Eric Molina: I need a KO to beat Joshua
By Scott Gilfoid: #8 IBF contender Eric Molina (25-3, 19 KOs) realizes that his only chance of beating IBF heavyweight champion Anthony Joshua (17-0, 17 KOs) this Saturday night is if he knocks him when the two fighters face each other at the Manchester Arena in Manchester, UK. Molina, 6’4”, will be the visiting fighter walking into the lion’s den in this fight. That means there will be very few Molina fans when he gets inside the ring with the 27-year-old Joshua.
There will be a lot of cheering when Joshua lands his shots and likely next to no applause for Molina when he does anything good in the fight. You can argue that judges tend to pick up their cues in who to score the fight for based on the cheering of the crowd, Joshua would seem to be in a very good position to win this fight on Saturday night if it goes to the scorecards, which is why Molina doesn’t plan on letting the fight go the distance.
The 34-year-old Molina has got the punching power to KO Joshua or anyone in the heavyweight division. Molina has just got to get to Joshua’s chin before he lands his own power shots. If Molina can’t ramp up his offense early on Saturday night, then it will be bad news for him. Joshua always starts quickly, and he’s going to have a ton of boxing fans encouraging him to score a quick knockout.
“Knockout is the only way I am going to win,” said Molina. ”I’m not here to take it on points, I am here to put him on the floor and take his belt. Any heavyweight can KO any other heavyweight, and I can KO Joshua. I’m a hard-punching heavyweight so I am extremely confident.”
Well, it’s already been proven that Joshua can be hurt. We saw that in 2011 in his fight against Romanian Mihai Nistor. Joshua was out on his feet in the 3rd round of that fight. Nistor didn’t waste any time in going after Joshua’s chin to try and KO him in that fight. He did a good job of landing his power shots. Nistor was quick on his feet in coming forward to nail Joshua with big punches and then getting to the outside before he could do much.
Molina is a little slower in his movements. He tends to stay in the pocket more, which makes him vulnerable to getting hit. Molina will hopefully have worked on being fast in getting in and out of range for the Joshua fight. If not, then he’s going to getting wiped out on Saturday unless he can land something big in the first two or three rounds.
“There are things about him we don’t know yet,” said Molina about Joshua. “That missing piece of the puzzle is the chin. Can he take a punch? He hasn’t taken anything up to this date. A good boxing puncher can KO you with a shot at any given moment.”
I don’t think Joshua’s punch resistance is any better than any other heavyweight in the division. If Joshua gets hit a lot, he’s going to get knocked out. I think it’s as simple as that. The shots that Dillian Whyte absorbed in his loss to Joshua in 2015, I think they would knocked Joshua out within two or three rounds. I don’t think his chin is as good as Whyte’s. We saw how Whyte dropped Joshua twice in their fight in 2009. Nothing has changed since then other than Joshua hasn’t fought any heavyweights with power since he turned pro other than Whyte, who suffered a shoulder injury in the 2nd round of their fight. Look at the guys that Joshua’s promoter Eddie Hearn has matched Joshua up against in his last 10 fights. None of them are real punchers. You think that’s by accident that Hearn hasn’t been putting Joshua in with guys with no power? I don’t. I think Hearn has been looking out for his golden goose Joshua by not matching him against power punchers. Molina is really the first true power puncher that Joshua will have faced, and he recently knocked out by Deontay Wilder last year. I don’t think for a second that Hearn would have put Joshua in with Molina if he wasn’t knocked out by Deontay last year.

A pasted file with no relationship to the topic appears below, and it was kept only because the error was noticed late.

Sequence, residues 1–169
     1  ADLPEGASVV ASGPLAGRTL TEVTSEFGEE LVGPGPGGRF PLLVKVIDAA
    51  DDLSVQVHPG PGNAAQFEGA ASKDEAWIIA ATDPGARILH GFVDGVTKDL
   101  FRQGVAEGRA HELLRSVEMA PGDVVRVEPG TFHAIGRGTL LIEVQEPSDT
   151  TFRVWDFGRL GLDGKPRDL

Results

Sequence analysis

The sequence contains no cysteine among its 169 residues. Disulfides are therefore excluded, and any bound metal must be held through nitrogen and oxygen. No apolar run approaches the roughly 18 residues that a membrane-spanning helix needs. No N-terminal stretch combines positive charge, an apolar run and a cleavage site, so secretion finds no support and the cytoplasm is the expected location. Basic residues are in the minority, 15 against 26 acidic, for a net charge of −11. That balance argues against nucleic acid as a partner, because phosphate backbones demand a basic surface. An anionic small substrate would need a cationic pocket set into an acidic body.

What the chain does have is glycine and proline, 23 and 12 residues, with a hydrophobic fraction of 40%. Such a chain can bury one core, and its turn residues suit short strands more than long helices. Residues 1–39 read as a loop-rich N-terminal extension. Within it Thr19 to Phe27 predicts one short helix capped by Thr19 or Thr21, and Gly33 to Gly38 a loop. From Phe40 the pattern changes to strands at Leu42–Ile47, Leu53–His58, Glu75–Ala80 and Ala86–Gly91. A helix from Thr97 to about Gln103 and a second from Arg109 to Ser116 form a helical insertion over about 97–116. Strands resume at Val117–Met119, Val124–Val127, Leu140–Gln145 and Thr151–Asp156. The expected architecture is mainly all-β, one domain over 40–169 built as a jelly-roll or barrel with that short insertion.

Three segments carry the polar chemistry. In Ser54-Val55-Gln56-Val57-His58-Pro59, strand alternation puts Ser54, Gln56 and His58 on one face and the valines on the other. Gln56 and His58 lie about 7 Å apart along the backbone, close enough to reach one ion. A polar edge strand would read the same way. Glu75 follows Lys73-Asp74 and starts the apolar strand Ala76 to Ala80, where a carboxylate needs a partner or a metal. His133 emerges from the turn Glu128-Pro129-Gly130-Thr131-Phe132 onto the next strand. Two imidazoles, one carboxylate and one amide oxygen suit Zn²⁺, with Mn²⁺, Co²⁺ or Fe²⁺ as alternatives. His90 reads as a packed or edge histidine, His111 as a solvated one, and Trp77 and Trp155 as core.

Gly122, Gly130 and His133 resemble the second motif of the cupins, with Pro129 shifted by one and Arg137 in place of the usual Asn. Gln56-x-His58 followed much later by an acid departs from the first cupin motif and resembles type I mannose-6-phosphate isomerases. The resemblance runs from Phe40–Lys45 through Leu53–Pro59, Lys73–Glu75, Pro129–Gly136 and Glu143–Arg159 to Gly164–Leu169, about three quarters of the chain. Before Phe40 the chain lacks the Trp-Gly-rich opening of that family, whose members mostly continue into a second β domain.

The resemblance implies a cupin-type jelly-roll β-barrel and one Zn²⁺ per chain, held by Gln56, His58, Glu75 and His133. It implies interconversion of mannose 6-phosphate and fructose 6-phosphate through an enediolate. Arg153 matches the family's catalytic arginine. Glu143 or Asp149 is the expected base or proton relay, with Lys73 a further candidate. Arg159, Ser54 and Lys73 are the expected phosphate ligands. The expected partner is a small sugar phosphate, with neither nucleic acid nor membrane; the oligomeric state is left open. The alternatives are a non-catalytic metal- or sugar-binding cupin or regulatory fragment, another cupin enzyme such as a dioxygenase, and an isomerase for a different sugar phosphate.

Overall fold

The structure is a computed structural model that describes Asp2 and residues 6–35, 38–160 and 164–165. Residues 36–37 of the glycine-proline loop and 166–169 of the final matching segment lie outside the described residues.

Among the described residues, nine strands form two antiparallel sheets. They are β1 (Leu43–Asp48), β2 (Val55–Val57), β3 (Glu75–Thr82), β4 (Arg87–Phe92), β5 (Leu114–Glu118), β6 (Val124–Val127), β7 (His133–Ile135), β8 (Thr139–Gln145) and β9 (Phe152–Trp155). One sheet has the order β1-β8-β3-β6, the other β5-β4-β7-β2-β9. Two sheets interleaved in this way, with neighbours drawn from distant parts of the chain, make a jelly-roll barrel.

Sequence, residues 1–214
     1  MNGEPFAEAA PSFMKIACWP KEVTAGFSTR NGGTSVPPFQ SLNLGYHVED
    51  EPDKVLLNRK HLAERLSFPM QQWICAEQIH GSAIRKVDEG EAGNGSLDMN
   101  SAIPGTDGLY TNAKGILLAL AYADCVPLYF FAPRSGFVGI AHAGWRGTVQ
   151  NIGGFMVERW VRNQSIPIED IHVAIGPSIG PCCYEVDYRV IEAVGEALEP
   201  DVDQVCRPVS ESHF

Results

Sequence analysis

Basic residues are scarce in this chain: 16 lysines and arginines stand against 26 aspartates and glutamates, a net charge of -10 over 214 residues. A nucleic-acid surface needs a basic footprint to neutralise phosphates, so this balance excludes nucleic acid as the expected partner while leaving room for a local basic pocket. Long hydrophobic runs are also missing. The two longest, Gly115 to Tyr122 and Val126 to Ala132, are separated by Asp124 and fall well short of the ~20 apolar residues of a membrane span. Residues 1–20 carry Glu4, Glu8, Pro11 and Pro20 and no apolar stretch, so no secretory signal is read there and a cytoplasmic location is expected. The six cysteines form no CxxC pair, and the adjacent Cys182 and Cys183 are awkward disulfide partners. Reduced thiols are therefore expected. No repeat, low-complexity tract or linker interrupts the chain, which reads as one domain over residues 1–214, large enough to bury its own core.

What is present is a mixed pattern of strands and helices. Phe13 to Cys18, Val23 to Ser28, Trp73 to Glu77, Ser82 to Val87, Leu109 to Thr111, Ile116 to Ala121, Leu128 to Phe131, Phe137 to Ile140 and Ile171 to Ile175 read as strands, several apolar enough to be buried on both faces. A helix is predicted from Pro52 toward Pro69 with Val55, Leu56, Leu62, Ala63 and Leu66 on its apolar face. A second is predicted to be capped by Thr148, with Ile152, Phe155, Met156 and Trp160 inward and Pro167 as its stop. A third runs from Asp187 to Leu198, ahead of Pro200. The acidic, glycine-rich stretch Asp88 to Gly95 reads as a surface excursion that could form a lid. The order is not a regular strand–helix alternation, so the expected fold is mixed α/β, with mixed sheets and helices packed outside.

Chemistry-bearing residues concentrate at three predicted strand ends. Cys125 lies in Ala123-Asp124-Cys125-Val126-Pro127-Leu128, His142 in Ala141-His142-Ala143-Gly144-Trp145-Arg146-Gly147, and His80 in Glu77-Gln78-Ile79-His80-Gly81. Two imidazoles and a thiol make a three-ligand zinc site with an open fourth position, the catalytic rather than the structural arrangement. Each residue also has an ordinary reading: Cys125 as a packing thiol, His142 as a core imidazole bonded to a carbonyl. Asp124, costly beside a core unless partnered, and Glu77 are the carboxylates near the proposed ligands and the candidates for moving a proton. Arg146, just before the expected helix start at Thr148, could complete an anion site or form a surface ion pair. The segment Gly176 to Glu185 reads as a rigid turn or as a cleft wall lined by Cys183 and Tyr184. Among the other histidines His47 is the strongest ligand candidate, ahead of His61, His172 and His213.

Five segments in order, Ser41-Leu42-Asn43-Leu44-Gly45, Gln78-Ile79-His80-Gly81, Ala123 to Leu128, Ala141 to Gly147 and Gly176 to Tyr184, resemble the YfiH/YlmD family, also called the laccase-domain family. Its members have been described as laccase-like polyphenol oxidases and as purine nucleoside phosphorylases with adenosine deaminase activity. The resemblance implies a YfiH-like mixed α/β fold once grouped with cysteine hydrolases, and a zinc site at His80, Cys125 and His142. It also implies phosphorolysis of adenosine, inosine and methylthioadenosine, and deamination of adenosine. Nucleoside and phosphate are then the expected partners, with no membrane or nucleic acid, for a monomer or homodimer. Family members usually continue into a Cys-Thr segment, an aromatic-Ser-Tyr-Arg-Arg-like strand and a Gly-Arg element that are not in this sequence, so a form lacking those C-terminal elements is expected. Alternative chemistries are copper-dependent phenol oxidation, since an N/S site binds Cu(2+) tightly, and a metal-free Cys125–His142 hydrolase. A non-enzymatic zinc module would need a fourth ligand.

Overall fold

“I’m unpredictable – and any man in this division can be KO’d on any night,” said Molina. “To become champion, that’s the ultimate goal, and I think I have what it takes to knock him out. I don’t question his stamina, but I do want to see him take a good shot. It’s the big question.”
Well, if Molina wants to see Joshua take a good shot, then he needs to go after his chin straightaway in this fight rather than waiting until the 10th round like he did in his last fight against Tomasz Adamek. Molina was too slow in going after Adamek with his power shots. Molina was focusing on his boxing rather than his power until the 10th. He can’t do that on Saturday night against Joshua, because he’ll be blasted to smithereens in the first three rounds.
I seriously do not see Molina making it past the 3rd round if he fights like a timid rabbit inside the ring. Molina needs to forget about the crowd and forget that Joshua is a world champion. Molina needs to realize that Joshua is still the same fighter that Mihai Nistor and Robert Cammarelle arguably beat. There’s no difference. The only thing that’s happen since then is Joshua has won a controversial gold medal in the 2012 London Olympics and beaten 17 weak heavyweights since he turned pro. Joshua is totally untested in the pro ranks, and he’s got the controversy of his gold medal following him around.
“I’ve hurt everybody that I’ve been in the ring with,” said Molina. “Does he have grit and determination? We’ll find out.”
Molina’s past sparring with Deontay could help him in this fight, because he learned how to fight a tall heavyweight from that experience. Deontay is taller than Joshua with better hand speed and power. If Molina was able to handle Wilder’s attacks in his sparring with him, then he should have no problems with Joshua.
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